WPP Pietà

I’ve been reading quite a lot of criticism of the WPP winning image by Samuel Aranda on various pages around the web, and you can read an interesting summary of the controversy it has aroused from Jeremy Nicholl on his ‘The Russion Photos Blog’ in his Why The Critics Of The World Press Photo Muslim Pietà Are Wrong – By The People Who Know Best.

I’ve not always been too impressed by WPP winners, and I share many of the overall criticisms that various people have made over the years of the WPP and other similar awards. I’m not a fan of such competitions, which I think tend to trivialise work and concentrate on the spectacular and neglect work that is perhaps in the longer term more important in changing attitudes and exposing evil. Although I have a great admiration for those photographers who continue to expose the horrors of war – and think it is a necessary and useful work, unfortunately much of it is now only too familiar.

Samuel Aranda’s image spoke strongly to me when I first saw it and still does now. And its strength comes from the way it uses various stereotypes, and repositions them.  I don’t agree that the Pietà can be claimed as uniquely Christian imagery, although we know its representation in Western art. But I would expect similar images to emerge in any representational art tradition, because essentially it is about a human relationship, between mother and child, which is widespread across humanity and I think has a powerful evolutionary basis. Although taken up and used by Christians and made a part of Christian iconography, its roots I think lie deeper in our humanity.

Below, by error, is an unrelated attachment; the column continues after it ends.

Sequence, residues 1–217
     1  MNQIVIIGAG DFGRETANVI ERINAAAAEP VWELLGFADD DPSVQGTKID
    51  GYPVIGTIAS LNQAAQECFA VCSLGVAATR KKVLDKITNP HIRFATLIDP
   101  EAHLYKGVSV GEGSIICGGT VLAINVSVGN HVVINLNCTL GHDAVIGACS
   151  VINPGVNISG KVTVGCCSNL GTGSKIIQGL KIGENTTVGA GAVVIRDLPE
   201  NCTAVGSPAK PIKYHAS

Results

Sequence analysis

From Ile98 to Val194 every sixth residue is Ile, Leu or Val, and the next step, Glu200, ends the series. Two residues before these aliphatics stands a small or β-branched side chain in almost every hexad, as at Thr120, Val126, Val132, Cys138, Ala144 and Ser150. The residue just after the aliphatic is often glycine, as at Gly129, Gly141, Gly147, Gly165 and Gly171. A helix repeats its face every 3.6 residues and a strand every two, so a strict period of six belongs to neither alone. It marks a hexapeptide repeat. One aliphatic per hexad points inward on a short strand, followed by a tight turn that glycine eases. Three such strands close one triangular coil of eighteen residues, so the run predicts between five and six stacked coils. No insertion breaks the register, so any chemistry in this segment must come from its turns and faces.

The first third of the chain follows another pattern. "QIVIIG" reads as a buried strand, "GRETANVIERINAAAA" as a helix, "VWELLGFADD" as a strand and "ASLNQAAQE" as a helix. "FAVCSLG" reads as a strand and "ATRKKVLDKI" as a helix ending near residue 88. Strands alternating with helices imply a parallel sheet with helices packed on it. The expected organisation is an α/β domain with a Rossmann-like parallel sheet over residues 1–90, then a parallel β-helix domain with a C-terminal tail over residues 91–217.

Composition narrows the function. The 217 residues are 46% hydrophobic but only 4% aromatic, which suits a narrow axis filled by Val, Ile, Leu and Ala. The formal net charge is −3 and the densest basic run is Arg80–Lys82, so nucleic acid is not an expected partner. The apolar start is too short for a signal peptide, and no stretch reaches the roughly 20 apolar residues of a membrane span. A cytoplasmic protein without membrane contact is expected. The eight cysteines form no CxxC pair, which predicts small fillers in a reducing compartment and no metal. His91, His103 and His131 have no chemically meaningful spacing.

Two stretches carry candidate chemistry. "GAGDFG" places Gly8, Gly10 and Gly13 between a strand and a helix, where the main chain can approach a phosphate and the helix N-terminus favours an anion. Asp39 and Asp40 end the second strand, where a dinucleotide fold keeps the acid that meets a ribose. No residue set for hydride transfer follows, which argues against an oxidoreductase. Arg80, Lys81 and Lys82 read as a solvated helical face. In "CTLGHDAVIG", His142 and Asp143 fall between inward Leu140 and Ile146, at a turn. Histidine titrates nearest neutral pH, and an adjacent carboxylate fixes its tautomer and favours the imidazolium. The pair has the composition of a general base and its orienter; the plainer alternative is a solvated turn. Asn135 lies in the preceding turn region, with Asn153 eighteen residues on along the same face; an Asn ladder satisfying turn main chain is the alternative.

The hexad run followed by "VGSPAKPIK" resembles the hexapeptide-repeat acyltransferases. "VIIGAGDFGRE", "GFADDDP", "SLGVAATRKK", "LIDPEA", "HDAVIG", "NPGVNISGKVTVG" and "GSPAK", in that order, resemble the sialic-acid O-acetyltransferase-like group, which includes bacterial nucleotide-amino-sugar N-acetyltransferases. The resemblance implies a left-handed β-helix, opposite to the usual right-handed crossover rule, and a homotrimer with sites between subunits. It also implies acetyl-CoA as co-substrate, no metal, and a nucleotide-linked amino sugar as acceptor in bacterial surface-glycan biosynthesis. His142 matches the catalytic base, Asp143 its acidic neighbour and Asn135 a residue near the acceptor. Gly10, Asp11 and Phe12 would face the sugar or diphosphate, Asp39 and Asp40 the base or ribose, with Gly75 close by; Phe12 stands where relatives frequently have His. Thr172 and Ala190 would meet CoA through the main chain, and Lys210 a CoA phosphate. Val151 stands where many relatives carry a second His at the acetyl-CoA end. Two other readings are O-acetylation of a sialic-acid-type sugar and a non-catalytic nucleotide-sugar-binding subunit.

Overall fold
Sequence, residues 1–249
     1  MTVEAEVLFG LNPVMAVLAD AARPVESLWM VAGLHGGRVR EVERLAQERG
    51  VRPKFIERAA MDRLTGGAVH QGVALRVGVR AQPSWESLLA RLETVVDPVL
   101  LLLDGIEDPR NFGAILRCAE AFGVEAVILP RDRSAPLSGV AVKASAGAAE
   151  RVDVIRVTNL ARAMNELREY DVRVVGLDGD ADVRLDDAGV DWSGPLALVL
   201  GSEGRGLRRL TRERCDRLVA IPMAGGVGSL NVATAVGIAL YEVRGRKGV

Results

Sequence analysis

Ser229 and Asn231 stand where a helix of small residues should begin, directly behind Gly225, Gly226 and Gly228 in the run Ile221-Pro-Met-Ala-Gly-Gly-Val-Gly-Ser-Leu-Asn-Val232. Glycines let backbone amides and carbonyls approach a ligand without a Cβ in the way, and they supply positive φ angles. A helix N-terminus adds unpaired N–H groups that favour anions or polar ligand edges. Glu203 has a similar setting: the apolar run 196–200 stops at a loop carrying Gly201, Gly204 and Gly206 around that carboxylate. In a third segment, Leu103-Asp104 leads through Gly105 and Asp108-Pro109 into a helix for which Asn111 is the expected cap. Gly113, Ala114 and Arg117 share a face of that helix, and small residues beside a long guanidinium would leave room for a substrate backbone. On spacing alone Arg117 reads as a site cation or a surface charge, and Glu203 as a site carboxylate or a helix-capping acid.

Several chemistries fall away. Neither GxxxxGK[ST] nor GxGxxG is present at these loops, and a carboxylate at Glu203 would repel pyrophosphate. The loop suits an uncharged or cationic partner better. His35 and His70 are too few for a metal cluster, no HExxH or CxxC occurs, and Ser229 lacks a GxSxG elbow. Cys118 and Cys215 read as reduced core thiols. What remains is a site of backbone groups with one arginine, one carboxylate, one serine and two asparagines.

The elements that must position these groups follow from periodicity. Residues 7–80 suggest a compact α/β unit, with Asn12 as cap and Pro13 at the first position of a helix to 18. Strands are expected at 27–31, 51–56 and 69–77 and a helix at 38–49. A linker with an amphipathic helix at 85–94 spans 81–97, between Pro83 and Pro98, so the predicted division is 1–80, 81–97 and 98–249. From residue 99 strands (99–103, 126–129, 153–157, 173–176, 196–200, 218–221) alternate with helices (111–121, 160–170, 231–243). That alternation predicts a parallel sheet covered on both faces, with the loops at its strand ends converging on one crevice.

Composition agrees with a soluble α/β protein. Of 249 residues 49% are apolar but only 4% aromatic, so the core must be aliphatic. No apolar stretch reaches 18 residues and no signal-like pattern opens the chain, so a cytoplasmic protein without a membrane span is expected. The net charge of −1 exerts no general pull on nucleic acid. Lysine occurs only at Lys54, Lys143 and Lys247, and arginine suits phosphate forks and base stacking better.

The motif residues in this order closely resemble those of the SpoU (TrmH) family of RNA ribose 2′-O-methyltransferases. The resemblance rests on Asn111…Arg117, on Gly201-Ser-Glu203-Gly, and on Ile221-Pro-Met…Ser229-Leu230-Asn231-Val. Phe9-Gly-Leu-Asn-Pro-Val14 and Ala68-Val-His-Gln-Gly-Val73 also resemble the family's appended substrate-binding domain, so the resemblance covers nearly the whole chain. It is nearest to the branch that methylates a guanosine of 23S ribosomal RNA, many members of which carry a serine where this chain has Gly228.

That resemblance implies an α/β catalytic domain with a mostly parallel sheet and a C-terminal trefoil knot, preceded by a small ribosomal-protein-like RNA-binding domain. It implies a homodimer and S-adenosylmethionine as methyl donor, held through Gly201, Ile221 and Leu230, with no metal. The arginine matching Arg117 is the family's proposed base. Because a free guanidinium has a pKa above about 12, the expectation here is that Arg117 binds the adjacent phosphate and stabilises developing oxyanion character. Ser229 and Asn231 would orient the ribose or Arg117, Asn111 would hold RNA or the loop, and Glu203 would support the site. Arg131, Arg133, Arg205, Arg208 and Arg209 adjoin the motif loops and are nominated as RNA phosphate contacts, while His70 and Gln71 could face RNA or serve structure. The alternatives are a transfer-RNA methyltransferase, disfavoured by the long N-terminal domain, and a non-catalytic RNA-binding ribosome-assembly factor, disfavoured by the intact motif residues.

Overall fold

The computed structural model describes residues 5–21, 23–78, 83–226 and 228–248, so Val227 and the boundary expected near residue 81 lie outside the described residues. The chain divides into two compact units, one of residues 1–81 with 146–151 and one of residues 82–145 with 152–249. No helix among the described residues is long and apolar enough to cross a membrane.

The black burkha is in some respects a more potent and loaded symbol of our times, promoted by Western media in a demonisation of Muslims, a looming presence that relates back to sinister and shadowy nightmares and horror, as well as to more recent images, media hysteria and even some government bans. This is a picture that reminds us strongly of the person and the humanity underneath that black covering, her gestures amplified by the white gloves.

This is a picture that speaks at several levels about good and evil, and the framing and the shadows help to make it a powerful statement, as well as a complex one.

Nicholls ends his piece with the comments from four Yemenis, including the young man and his mother in the picture, both of whom are proud and happy to see it winning the contest. Like him I find it hard to disagree with their verdict.

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